A biorefinery could, for example, produce one or several low-volume, but high-value, chemical products and a low-value, but high-volume liquid transportation fuel such as biodiesel or bioethanol. At the same time, it can generate electricity and process heat, through CHP technology, for its own use and perhaps enough for sale of electricity to the local utility.

The high value products increase profitability, the high-volume fuel helps meet energy needs, and the power production helps to lower energy costs and reduce GHG emissions from traditional power plant facilities.

biorefinery-process

Biorefinery Platforms

There are several biorefinery platforms which can be employed in a biorefinery with the major ones being the sugar platform and the thermochemical platform (also known as syngas platform).

Sugar platform biorefineries breaks down biomass into different types of component sugars for fermentation or other biological processing into various fuels and chemicals. On the other hand, thermochemical biorefineries transform biomass into synthesis gas (hydrogen and carbon monoxide) or pyrolysis oil.

The thermochemical biomass conversion process is complex, and uses components, configurations, and operating conditions that are more typical of petroleum refining. Biomass is converted into syngas, and syngas is converted into an ethanol-rich mixture.

However, syngas created from biomass contains contaminants such as tar and sulphur that interfere with the conversion of the syngas into products. These contaminants can be removed by tar-reforming catalysts and catalytic reforming processes. This not only cleans the syngas, it also creates more of it, improving process economics and ultimately cutting the cost of the resulting ethanol.

Plus Points

Biorefineries can help in utilizing the optimum energy potential of organic wastes and may also resolve the problems of waste management and GHGs emissions. Biomass wastes can be converted, through appropriate enzymatic/chemical treatment, into either gaseous or liquid fuels.

The pre-treatment processes involved in biorefining generate products like paper-pulp, HFCS, solvents, acetate, resins, laminates, adhesives, flavour chemicals, activated carbon, fuel enhancers, undigested sugars etc. which generally remain untapped in the traditional processes. The suitability of this process is further enhanced from the fact that it can utilize a variety of biomass resources, whether plant-derived or animal-derived.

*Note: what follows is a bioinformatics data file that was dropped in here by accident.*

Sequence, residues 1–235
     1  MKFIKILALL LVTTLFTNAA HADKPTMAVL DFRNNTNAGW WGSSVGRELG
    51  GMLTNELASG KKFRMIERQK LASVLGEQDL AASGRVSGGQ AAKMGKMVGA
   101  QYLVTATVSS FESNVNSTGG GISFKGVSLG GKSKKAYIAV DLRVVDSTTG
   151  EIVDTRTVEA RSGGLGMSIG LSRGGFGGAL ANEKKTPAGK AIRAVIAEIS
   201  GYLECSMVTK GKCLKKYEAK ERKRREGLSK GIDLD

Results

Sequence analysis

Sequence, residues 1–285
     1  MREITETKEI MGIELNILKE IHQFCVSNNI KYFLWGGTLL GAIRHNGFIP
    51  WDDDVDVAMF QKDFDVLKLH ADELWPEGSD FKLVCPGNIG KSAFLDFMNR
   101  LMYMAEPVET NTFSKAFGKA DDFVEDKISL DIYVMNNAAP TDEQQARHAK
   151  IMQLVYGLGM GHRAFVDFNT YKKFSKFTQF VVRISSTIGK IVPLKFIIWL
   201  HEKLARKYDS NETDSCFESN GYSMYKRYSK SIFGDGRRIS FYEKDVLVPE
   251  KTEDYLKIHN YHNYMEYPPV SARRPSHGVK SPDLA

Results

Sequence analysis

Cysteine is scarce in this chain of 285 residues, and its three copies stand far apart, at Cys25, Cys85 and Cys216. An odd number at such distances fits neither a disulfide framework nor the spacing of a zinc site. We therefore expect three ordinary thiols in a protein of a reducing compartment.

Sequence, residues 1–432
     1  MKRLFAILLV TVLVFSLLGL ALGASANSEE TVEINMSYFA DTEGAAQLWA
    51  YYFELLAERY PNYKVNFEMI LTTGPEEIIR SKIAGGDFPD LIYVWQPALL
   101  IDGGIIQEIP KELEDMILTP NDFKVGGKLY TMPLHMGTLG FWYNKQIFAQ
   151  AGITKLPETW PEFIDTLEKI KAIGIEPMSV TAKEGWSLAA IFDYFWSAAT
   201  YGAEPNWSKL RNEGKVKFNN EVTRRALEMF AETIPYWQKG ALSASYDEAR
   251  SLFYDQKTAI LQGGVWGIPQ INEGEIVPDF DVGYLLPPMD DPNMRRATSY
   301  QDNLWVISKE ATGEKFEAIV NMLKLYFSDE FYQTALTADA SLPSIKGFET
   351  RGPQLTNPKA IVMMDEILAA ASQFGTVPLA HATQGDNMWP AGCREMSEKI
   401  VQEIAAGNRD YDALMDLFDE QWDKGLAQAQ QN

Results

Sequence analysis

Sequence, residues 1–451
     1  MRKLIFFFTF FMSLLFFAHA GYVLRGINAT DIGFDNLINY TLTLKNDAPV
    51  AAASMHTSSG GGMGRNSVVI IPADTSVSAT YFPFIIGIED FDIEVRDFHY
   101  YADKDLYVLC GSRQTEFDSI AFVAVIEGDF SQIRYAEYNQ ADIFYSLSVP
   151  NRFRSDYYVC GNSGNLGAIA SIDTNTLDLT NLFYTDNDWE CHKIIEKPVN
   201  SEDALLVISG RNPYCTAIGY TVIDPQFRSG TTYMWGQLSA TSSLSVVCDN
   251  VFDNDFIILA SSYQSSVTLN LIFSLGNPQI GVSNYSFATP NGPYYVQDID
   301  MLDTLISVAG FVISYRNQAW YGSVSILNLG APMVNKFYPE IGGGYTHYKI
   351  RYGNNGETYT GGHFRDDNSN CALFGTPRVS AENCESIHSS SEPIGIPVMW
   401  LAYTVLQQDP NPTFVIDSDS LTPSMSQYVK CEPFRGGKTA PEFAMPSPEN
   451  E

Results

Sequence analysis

Future Perspectives

The concept of biomass-based refinery is still in early stages at most places in the world. Problems like raw material availability, feasibility in product supply chain, scalability of the model are hampering its development at commercial-scales. The National Renewable Energy Laboratory (NREL) of USA is leading the front in biorefinery research with path-breaking discoveries and inventions. 

Although the technology is still in nascent stages, but it holds the key to the optimum utilization of wastes and natural resources that humans have always tried to achieve. The onus now lies on governments and corporate sector to incentivize or finance the research and development in this highly promising field.

Biobutanol as a Biofuel

The major techno-commercial limitations of existing biofuels has catalyzed the development of advanced biofuels such as cellulosic ethanol, biobutanol and mixed alcohols. Biobutanol is generating good deal of interest as a potential green alternative to petroleum fuels. It is increasingly being considered as a superior automobile fuel in comparison to bioethanol as its energy content is higher. The problem of demixing that is encountered with ethanol-petrol blends is considerably less serious with biobutanol-petrol blends.

Besides, it reduces the harmful emissions substantially. It is less corrosive and can be blended in any concentration with petrol (gasoline). Several research studies suggest that butanol can be blended into either petrol or diesel to as much as 45 percent without engine modifications or severe performance degradation.

Production of Biobutanol

Biobutanol is produced by microbial fermentation, similar to bioethanol, and can be made from the same range of sugar, starch or cellulosic feedstocks. The most commonly used microorganisms are strains of Clostridium acetobutylicum and Clostridium beijerinckii. In addition to butanol, these organisms also produce acetone and ethanol, so the process is often referred to as the “ABE fermentation”.

The main concern with Clostridium acetobutylicum is that it easily gets poisoned at concentrations above 2% of biobutanol in the fermenting mixture. This hinders the production of biobutanol in economically viable quantities.

In recent years, there has been renewed interest in biobutanol due to increasing petroleum prices and search for clean energy resources. Researchers have made significant advances in designing new microorganisms capable of surviving in high butanol concentrations. The new genetically modified micro-organisms have the capacity to degrade even the cellulosic feedstocks.